Middle class faces tax on child benefit

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The Independent Online
GORDON BROWN has suggested that he may tax the child benefit payments of the well-off in future despite dropping the plan from this month's Budget.

In a letter leaked to The Independent, the Chancellor said: "If child benefit is to be raised in future, I believe there is a case - in principle - for higher rate taxpayers to pay tax on it. We will bring forward recommendations for reform in due course."

Last night the Tories claimed the letter to Tessa Jowell, the Health minister, revealed that Mr Brown had not abandoned his plans to tax child benefit. They said this would amount to "quadruple whammy" on the middle classes after the Chancellor scrapped mortgage relief and the married couple's allowance and included a new means-tested children's tax credit in his Budget.

The Treasury insisted the letter, written four days before the Budget, had been overtaken by Mr Brown's announcement of the new tax credit, which will not be paid to people earning more than pounds 38,500 a year.

Although the Chancellor is expected to see how the credit scheme works before taxing child benefit, he declined at a post-Budget press conference to rule out imposing tax at a later date.

There has been speculation that Mr Brown dropped the proposal from his Budget after Tony Blair expressed concern that it would alienate "middle England". Treasury officials had warned of administrative problems and that the independent taxation of men and women would be jeopardised.

The Tories claimed the letter indicated Mr Brown's future plans, since he would have been well aware of his Budget decisions when it was written.

Iain Duncan Smith, the Tory spokesman on social security, said: "It is now absolutely clear that the Chancellor has no intention of giving up on his proposal to tax child benefit."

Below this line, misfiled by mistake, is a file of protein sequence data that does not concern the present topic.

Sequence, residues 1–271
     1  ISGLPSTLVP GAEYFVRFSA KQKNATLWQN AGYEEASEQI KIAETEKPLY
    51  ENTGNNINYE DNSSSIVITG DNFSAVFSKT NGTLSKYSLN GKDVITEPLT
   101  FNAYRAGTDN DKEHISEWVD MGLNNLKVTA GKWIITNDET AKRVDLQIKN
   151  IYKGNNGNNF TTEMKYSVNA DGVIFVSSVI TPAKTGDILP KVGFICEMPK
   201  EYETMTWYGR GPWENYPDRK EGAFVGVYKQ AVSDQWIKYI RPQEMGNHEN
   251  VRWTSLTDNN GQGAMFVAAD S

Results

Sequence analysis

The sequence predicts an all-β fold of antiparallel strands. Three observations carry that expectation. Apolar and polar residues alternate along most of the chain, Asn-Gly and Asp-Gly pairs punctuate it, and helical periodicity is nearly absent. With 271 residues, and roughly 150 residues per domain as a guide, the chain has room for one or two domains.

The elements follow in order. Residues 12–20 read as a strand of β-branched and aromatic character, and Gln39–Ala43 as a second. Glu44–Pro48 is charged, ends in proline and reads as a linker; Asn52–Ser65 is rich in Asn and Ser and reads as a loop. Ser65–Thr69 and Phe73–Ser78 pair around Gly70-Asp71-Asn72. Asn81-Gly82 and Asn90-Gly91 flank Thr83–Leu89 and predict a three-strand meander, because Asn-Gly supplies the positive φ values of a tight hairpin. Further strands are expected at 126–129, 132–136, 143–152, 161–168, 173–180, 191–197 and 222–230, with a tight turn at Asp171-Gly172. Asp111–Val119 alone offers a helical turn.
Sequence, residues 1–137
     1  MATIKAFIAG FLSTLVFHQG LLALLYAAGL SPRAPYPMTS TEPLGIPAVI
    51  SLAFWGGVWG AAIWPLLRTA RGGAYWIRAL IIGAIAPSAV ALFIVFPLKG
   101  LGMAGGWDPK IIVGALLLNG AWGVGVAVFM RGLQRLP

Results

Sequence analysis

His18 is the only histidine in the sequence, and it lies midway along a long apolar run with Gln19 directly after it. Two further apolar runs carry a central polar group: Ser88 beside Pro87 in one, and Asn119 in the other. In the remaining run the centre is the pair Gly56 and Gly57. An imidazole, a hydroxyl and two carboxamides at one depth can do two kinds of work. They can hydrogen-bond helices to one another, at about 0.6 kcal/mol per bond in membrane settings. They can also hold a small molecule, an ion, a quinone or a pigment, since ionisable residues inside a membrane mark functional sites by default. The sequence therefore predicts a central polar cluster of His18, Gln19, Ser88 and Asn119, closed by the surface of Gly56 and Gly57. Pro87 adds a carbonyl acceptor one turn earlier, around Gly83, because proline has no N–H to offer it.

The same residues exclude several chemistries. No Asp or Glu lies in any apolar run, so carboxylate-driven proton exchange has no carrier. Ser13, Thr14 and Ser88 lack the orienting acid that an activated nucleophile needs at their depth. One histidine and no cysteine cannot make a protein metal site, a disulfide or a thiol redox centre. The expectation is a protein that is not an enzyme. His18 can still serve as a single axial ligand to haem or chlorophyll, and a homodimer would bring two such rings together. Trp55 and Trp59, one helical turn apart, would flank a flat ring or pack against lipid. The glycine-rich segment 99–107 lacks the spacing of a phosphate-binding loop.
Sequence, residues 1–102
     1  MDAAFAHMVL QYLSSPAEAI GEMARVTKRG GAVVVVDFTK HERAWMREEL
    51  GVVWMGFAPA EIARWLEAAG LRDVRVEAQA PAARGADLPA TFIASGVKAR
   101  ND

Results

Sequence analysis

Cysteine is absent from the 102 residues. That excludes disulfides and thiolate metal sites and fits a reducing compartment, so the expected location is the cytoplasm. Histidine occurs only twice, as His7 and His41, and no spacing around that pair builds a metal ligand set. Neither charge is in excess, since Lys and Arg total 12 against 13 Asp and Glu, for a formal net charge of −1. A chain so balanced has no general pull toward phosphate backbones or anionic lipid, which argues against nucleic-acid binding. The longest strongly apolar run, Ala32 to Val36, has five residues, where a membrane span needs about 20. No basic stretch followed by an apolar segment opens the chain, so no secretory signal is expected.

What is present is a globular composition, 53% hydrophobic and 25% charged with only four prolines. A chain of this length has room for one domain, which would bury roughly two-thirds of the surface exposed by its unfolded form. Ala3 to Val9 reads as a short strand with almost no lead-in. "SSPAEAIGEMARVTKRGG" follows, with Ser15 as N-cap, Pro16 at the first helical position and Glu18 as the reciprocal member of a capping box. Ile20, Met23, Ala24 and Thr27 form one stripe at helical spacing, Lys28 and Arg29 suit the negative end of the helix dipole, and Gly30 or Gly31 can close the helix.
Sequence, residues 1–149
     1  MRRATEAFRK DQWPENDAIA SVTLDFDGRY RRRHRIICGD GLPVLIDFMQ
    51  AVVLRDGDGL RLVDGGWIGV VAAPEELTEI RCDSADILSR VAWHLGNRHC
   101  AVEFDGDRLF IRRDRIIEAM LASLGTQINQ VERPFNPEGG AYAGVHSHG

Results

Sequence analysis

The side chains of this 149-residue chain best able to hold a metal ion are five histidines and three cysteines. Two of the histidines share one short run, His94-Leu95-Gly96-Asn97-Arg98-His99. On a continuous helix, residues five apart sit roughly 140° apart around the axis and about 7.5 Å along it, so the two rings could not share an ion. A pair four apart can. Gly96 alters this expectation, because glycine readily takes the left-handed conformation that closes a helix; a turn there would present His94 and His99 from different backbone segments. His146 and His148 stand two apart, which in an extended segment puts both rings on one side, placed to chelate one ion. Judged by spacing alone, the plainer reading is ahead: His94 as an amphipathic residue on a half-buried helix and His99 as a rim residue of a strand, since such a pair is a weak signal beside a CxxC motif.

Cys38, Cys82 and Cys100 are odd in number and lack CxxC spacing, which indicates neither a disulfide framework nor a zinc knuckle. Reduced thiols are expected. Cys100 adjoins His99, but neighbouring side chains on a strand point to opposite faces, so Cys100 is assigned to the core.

He said this explained why Labour MPs had watered down a critical report drafted by Archy Kirkwood, the Liberal Democrat chairman of the Social Security Select Committee, which had investigated the issue. Mr Brown admitted this week that Don Touhig, his Parliamentary aide, had been sent a leaked draft of the chairman's report.

"Mr Brown should now come clean about his future plans," said Mr Duncan Smith. "It seems that he is using the tax credit as a trial run and that he will tax child benefit at a later stage. He knows where he is going."

The Tory frontbencher said the Government should strengthen marriage as an institution, which was the single most important factor in reducing child poverty. "Policies that simply follow children with money will not lift them from poverty but will simply accelerate marriage breakdown and increase welfare dependency," he said.

The row overshadowed a speech by the Prime Minister in which he pledged an "historic mission" to eliminate child poverty in Britain within 20 years, promising a pounds 6bn package of measures.

Setting out his plans for a "quiet revolution" in the welfare state, Mr Blair said children were the Government's top priority. Britain's child deprivation levels were "frightening", with almost one in three living in poverty, he said.

The Government's plans would lift 700,000 children out of poverty by the end of this Parliament ."Being poor should not be a life sentence. We need to break the cycle of disadvantage so that children born into poverty are not condemned to social exclusion and deprivation."

Mr Blair promised: "Our historic aim will be for ours to be the first generation to end child poverty. It will take a generation. It is a 20- year mission, but I believe it can be done if we reform the welfare state and build it around the needs of families and children."

Martin Barnes, director of the Child Poverty Action Group, welcomed Mr Blair's commitment but said Britain could afford to end child poverty in 10 years rather than 20. "All it requires is the political will."

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